The Chicago Teachers Union, in their 2019 strike, embraced "bargaining for the common good," a strategy that involved advocating beyond typical workplace bread-and-butter issues to include demands such as affordable housing and a nurse in every school. (Scott Heins/Getty Images)

Labor Needs To Embrace Social Justice Unionism

A successful rank-and-file strategy must look beyond the workplace.

BY Bill Fletcher, Jr.

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The Left needs an alternative framework, a "social justice unionism," with objectives focused on the larger working class.

Proponents of the “rank-and-file strategy” (RFS) emphasize the need to lay the foundations of a revitalized labor movement through rank-and-file workers—as opposed to union staff or leadership. As Laura Gabby notes, this idea has a long history: In the 1970s, for instance, thousands of leftists (myself included) of both working-class origin and otherwise entered the workforce to build a real working-class Left and rebuild organized labor.

Though this rank-and-file emphasis is more of an orientation than a full strategy, it is good in that it encourages people on the Left to engage as rank and filers—to enter into the working class as coworkers rather than staff. The idea is not, as Andrew Dobbyn argues, elitist; instead, it suggests fellow workers have something to teach, rather than simply being vessels for knowledge from leftists.

But the current discussion has certain important blind spots. First, the mostly white socialists discussing the RFS often fail to recognize that leftist formations composed mostly or entirely of people of color have historically been instrumental in developing and leading efforts to retool the labor movement. The direction and character of these formations has frequently differed from that of white-led formations.

Peter Shapiro presents one example in his Jacobin article, “On the Clock and Off,” drawing on his work with the League of Revolutionary Struggle. He writes about the Mexican immigrant women who emerged as rank-and-file leaders in the 1985–87 frozen food strike in Watsonville, Calif. They were not part of their union’s progressive reform caucus, the Teamsters for a Democratic Union, nor would they have been considered part of any conventional “militant minority”—which is why, Shapiro writes, “some strike supporters on the Left viewed them skeptically.” But these women established their own informal infrastructure, bound together through the solidarity of not just working together but the shared experience of racial and gender oppression, and propelled the strike to victory.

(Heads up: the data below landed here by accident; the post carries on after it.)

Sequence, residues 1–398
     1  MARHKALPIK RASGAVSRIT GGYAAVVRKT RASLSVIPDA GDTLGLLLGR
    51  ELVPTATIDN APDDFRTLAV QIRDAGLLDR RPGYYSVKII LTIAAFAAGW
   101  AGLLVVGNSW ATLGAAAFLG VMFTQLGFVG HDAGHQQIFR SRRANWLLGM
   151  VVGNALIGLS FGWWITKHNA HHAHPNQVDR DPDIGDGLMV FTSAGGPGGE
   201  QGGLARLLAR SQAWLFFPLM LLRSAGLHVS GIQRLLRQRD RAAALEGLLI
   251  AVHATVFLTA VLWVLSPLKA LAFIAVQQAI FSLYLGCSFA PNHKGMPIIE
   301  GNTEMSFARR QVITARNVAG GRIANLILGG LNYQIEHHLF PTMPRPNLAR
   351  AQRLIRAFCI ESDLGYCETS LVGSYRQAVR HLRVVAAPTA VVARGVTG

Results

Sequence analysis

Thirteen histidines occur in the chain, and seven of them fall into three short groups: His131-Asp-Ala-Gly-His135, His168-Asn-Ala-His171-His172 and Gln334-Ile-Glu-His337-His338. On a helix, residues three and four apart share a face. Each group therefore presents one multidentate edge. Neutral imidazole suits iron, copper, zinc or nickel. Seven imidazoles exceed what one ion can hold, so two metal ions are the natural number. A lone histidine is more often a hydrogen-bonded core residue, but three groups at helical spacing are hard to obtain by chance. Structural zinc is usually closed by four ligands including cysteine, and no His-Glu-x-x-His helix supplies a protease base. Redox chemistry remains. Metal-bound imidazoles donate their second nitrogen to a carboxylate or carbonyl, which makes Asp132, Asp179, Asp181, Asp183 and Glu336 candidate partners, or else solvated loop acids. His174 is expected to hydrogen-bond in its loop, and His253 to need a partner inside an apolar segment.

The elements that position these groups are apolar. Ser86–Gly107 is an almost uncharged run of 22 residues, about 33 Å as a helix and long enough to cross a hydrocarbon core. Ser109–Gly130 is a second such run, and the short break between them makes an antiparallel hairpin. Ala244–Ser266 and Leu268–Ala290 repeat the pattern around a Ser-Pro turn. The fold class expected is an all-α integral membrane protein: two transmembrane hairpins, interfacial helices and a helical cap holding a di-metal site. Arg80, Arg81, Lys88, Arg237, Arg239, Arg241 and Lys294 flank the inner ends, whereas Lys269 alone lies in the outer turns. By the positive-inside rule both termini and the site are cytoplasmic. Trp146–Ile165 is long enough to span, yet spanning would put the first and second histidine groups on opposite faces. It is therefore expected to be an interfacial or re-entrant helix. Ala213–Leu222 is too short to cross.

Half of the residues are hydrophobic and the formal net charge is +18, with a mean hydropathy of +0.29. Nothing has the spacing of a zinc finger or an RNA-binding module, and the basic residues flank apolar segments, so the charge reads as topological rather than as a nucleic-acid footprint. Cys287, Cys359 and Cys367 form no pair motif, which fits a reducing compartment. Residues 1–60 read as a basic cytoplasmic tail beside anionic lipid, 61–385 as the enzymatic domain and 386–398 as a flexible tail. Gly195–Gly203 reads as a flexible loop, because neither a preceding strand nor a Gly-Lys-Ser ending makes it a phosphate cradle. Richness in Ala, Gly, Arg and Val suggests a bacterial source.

More broadly, proponents of the rank-and-file strategy must look beyond the clear, identifiable base of organic leaders and leftists and assess the forces within any workplace, including conservatives and pragmatists. As Fernando Gapasin and I write in our book, Solidarity Divided, to defeat the conservative elements, the Left must pull the center along. Advocates of a “militant minority” can be skeptical of such alliances, but this is a mistake.

William Z. Foster, a brilliant trade unionist who led the Communist Party USA, advocated a militant minority strategy but later adjusted his approach to pursue a “Left-Center Alliance,” recognizing that, even in the militant 1930s, the Left was not sufficiently powerful to act alone. Workers will not necessarily agree with the total program of a leftist, so it is unlikely that leftists will be organizing workers around an exclusively left-wing program. To the extent to which we ignore the center we cede territory to conservative forces that will build their own alliances to crush the Left.

Leftists in the labor movement must also look beyond the narrow objectives of trade unionism as we know it, centered on making gains within the workplace. In fact, the Left needs an alternative framework, a “social justice unionism,” with objectives focused on the larger working class—which includes, for instance, what Stephen Lerner and others refer to as “bargaining for the common good.” Here, the union takes issues of the larger community to the bargaining table. Unions, too, might provide active support to or establish shared agendas with other worker or progressive community organizations.

Lastly, rebuilding the labor movement requires recognition that labor, as Andrew points out, is not only trade unions. The rise of so-called alt-labor, such as worker centers and domestic worker organizations, is part of this rebuilding. Leftists play a major role in this sector, which is disproportionately workers of color. Unions can and should provide direct material assistance to this organizing; the Zimbabwe Congress of Trade Unions, for instance, has worked to ally with informal economy workers.

A Left without a working class base is not a Left, but a collection of advocates for change. Our mission is to rebuild that base, transforming the Left and the labor movement together.

For alternate perspectives on the rank-and-file strategy, see Want To Build the Labor Movement? Get a Job at a Union Workplace.”and “90% of Workers Aren't in a Union. Labor's Future Depends on Them.”


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Bill Fletcher, Jr. is a talk show host, writer, activist, and trade unionist. He is the executive editor of The Global African Worker, a co-author (with Fernando Gapasin) of Solitary Divided, and the author of "They're Bankrupting Us"–Twenty Other Myths about Unions. You can follow him on Twitter, Facebook and at www.billfletcherjr.com.

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